If you're a person who does not have the desire and/or the space available to stockpile household items in your home, I know that you still want to keep yourself from being inconvenienced by running out of staple products you use regularly. When this happens you're inconvienced by either having to go without something you normally use for a while, until you can go to the store for more, or needing to make a special trip to the store just for that item. Neither is ideal, but you can avoid that problem!!!
So here's my extremely simple organizational tips for making sure you never run out of these household supplies ever again, and always have frequently used items available in your home for use when you need them.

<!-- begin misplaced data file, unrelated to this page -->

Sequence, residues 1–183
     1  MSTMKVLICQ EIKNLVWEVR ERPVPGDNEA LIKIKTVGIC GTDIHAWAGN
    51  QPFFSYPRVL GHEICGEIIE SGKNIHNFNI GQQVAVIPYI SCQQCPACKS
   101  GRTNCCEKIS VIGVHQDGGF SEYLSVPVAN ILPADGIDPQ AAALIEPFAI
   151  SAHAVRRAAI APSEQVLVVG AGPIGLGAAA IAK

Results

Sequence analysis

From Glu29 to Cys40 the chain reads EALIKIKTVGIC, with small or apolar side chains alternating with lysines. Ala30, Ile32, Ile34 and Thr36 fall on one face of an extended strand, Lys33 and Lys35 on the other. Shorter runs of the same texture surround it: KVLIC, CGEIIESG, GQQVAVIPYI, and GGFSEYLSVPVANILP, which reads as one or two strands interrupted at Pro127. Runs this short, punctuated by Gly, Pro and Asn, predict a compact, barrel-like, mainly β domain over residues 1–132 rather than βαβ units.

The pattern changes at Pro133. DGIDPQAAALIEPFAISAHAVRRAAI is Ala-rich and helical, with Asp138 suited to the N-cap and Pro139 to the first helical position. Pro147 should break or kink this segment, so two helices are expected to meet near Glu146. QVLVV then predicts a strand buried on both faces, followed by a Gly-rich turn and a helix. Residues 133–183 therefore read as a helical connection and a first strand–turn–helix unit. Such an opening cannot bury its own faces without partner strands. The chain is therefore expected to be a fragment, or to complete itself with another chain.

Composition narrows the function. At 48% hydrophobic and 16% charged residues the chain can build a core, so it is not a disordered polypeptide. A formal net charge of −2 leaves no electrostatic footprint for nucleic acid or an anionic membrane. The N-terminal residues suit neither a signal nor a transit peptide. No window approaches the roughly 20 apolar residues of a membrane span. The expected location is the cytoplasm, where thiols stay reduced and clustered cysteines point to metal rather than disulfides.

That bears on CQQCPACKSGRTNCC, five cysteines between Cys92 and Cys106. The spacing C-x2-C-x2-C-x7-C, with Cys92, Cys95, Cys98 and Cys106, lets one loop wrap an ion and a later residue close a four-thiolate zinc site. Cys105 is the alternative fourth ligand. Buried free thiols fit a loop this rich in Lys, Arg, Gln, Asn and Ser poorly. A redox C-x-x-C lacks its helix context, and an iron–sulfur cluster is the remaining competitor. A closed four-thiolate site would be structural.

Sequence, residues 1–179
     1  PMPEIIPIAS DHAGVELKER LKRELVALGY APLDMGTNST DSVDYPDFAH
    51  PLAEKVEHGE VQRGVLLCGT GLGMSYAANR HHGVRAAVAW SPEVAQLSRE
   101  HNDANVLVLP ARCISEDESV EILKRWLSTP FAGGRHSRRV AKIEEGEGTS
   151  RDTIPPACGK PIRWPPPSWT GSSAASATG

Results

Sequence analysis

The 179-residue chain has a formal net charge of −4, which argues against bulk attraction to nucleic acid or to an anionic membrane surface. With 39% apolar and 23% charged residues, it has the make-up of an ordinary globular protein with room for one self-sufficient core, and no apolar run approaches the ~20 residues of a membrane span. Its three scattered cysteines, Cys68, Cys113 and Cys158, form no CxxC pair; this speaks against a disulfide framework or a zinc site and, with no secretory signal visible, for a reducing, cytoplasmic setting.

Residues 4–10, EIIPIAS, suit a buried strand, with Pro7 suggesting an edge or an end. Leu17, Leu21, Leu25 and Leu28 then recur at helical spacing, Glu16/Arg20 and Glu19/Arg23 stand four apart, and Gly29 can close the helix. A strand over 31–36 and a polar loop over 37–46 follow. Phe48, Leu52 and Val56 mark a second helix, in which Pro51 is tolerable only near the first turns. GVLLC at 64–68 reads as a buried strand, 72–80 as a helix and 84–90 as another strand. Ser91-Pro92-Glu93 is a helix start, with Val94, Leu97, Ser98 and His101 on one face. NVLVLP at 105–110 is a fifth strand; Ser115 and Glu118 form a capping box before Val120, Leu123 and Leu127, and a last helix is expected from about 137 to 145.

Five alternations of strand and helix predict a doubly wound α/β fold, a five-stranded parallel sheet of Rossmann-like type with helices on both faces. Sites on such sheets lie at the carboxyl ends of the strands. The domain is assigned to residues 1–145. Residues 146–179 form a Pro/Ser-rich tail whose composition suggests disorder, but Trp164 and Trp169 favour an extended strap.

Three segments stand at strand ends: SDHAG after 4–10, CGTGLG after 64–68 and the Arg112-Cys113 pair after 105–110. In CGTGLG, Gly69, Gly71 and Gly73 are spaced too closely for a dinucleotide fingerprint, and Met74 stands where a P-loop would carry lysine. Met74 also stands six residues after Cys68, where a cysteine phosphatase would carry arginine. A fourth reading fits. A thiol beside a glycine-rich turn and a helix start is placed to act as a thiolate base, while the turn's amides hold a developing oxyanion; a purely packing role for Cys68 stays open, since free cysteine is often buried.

Many of you, I know, when you read my tips below will say, yeah, this is simple and common sense. IT IS! I don't deny it, and I never said I invented this method. In fact, my mother taught me, perhaps like many of your mothers taught you this. But the reason I've written this article is because, one, not everyone actually does this already, and two, because I have a suggestion for when you, or your loved one, doesn't follow through with step 2 of the process below, which I find very helpful, especially now that I have kids who are very bad about actually doing one of the vital steps.
The first step is to make sure that for all household items that you use regularly that you have one of these items in use, while you have another ready as backup.